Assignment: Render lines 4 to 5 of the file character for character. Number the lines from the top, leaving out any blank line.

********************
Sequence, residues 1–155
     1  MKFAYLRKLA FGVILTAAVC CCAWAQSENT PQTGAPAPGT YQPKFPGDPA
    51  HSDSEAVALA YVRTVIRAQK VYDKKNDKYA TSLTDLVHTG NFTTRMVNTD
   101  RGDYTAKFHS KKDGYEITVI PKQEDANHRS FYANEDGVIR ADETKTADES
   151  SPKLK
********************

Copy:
   101  RGDYTAKFHS KKDGYEITVI PKQEDANHRS FYANEDGVIR ADETKTADES
   151  SPKLK